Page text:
for linux and BSD users interested in Unix system V/bsd

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Operating Systems BSD for linux and BSD users interested in Unix system V/bsd
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Java for linux and BSD users interested in Unix system V/bsd Documentation

for all you unix/linux interested heres an online book for free that covers the basics of BSD SysV Unix commands and applications . giving the average linux user a perspective on the differences in context of the two operating systems and for BSD users covers material as a refernce guide.

Name: Illustrated Unix SystemV/BSD Author: Robert Felps

Last edited by moxxx68; 12-04-2004 at 02:47 AM..
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WRITE(1)							   User Commands							  WRITE(1)

write - send a message to another user SYNOPSIS
write user [ttyname] DESCRIPTION
Write allows you to communicate with other users, by copying lines from your terminal to theirs. When you run the write command, the user you are writing to gets a message of the form: Message from yourname@yourhost on yourtty at hh:mm ... Any further lines you enter will be copied to the specified user's terminal. If the other user wants to reply, they must run write as well. When you are done, type an end-of-file or interrupt character. The other user will see the message EOF indicating that the conversation is over. You can prevent people (other than the super-user) from writing to you with the mesg(1) command. Some commands, for example nroff(1) and pr(1), may disallow writing automatically, so that your output isn't overwritten. If the user you want to write to is logged in on more than one terminal, you can specify which terminal to write to by specifying the ter- minal name as the second operand to the write command. Alternatively, you can let write select one of the terminals - it will pick the one with the shortest idle time. This is so that if the user is logged in at work and also dialed up from home, the message will go to the right place. The traditional protocol for writing to someone is that the string `-o', either at the end of a line or on a line by itself, means that it's the other person's turn to talk. The string `oo' means that the person believes the conversation to be over. SEE ALSO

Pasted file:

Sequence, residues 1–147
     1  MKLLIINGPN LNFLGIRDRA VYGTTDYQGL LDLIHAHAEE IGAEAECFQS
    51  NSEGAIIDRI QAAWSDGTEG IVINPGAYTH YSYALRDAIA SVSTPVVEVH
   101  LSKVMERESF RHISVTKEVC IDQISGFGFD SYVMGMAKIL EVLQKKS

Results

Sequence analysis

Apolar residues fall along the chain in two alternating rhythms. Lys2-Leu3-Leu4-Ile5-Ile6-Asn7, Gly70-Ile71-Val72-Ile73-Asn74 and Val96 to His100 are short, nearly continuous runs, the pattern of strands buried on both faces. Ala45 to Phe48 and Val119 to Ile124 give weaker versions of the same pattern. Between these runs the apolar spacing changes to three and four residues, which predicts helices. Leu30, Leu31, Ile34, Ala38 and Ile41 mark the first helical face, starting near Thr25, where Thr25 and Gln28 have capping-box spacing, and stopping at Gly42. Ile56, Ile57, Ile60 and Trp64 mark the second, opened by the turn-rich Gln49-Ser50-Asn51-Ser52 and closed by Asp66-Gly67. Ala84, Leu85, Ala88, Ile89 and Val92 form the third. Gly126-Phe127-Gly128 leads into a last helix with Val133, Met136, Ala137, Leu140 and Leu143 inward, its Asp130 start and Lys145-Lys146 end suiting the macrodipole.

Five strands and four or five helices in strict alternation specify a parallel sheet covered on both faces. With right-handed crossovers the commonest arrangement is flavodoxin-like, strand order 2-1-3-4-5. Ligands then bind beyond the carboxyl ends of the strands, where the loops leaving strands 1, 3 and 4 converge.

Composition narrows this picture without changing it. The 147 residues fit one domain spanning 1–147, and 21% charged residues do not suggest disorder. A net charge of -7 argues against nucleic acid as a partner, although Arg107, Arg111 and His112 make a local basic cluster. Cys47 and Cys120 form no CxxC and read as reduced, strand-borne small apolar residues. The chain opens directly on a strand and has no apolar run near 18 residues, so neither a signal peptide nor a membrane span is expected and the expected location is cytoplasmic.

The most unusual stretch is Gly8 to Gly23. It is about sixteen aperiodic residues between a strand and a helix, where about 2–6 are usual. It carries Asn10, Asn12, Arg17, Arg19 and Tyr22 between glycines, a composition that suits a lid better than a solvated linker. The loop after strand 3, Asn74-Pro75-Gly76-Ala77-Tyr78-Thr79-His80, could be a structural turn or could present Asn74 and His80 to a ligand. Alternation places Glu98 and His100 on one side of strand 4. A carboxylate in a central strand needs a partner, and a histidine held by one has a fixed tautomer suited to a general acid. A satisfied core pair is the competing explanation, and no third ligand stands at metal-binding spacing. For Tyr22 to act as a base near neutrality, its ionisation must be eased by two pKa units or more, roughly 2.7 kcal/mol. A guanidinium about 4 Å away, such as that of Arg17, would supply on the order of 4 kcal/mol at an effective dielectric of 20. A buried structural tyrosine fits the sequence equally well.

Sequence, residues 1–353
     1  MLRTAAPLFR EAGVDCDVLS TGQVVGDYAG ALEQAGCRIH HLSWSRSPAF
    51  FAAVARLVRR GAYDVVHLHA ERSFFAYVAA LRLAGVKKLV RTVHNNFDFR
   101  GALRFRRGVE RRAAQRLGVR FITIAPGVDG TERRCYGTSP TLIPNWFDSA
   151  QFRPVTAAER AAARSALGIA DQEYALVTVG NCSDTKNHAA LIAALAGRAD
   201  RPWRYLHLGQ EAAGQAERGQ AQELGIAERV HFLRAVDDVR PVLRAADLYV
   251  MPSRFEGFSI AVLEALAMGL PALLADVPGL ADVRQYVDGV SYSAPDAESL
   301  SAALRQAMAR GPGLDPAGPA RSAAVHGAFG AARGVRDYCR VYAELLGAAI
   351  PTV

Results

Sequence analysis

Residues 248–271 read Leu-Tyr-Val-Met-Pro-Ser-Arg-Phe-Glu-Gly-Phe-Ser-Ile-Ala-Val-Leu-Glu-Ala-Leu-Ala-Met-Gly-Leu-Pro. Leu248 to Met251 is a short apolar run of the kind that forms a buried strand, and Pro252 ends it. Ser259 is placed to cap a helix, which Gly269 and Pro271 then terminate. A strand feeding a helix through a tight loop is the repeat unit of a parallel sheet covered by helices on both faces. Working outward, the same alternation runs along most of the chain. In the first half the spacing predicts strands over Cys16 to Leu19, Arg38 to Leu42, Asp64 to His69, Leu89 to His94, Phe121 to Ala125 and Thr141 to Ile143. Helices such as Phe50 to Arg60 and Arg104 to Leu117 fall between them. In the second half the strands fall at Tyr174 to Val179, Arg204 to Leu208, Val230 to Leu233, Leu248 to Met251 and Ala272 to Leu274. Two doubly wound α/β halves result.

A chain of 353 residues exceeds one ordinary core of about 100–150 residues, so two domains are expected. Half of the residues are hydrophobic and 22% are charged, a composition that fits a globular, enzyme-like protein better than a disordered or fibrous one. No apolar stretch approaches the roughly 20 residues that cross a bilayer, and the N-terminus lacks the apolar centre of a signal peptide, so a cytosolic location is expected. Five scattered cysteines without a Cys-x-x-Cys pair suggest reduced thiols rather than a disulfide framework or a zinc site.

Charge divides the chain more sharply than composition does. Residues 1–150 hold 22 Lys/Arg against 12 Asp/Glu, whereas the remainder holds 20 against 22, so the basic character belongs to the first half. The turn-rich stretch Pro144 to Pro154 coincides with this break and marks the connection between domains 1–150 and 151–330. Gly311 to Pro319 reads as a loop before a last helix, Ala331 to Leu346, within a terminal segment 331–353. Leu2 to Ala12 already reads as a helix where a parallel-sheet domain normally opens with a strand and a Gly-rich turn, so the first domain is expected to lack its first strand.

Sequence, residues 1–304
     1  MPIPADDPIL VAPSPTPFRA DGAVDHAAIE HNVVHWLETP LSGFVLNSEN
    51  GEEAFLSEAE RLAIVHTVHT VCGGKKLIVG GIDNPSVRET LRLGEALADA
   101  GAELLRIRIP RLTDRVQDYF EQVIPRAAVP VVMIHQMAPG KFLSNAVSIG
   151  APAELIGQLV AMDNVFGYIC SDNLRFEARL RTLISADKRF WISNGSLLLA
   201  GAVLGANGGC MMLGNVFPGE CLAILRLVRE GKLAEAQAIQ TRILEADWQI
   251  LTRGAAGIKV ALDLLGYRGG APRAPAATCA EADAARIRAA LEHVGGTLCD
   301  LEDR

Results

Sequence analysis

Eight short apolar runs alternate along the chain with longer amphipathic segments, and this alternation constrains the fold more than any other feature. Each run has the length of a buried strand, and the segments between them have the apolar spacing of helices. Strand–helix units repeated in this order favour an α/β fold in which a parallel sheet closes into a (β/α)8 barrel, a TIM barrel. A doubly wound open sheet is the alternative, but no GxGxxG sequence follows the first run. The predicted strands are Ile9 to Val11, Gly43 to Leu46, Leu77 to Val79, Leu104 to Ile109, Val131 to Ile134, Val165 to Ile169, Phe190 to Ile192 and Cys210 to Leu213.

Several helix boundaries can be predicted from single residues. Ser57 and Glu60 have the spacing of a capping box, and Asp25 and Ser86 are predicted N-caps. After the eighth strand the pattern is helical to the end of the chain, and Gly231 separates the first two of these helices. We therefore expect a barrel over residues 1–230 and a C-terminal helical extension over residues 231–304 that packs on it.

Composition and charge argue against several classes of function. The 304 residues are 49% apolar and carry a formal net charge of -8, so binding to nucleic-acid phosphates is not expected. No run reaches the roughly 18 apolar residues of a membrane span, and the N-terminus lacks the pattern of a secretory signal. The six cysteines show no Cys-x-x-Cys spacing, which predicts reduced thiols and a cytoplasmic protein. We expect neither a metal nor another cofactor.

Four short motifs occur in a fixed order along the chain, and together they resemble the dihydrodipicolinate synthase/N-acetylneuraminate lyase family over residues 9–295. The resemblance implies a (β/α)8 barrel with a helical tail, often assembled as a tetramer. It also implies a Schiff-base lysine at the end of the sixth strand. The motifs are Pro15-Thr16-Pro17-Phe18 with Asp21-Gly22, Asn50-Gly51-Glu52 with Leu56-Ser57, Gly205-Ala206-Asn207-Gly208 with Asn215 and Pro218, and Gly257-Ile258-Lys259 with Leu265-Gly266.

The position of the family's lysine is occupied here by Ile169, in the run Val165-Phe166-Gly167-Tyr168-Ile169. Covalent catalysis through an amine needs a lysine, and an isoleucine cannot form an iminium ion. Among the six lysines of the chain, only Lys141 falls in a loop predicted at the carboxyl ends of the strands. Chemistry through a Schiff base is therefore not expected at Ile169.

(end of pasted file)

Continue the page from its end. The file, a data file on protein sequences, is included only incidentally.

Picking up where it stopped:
mesg(1), talk(1), who(1) HISTORY
A write command appeared in Version 6 AT&T UNIX. AVAILABILITY
The write command is part of the util-linux package and is available from util-linux March 1995 WRITE(1)

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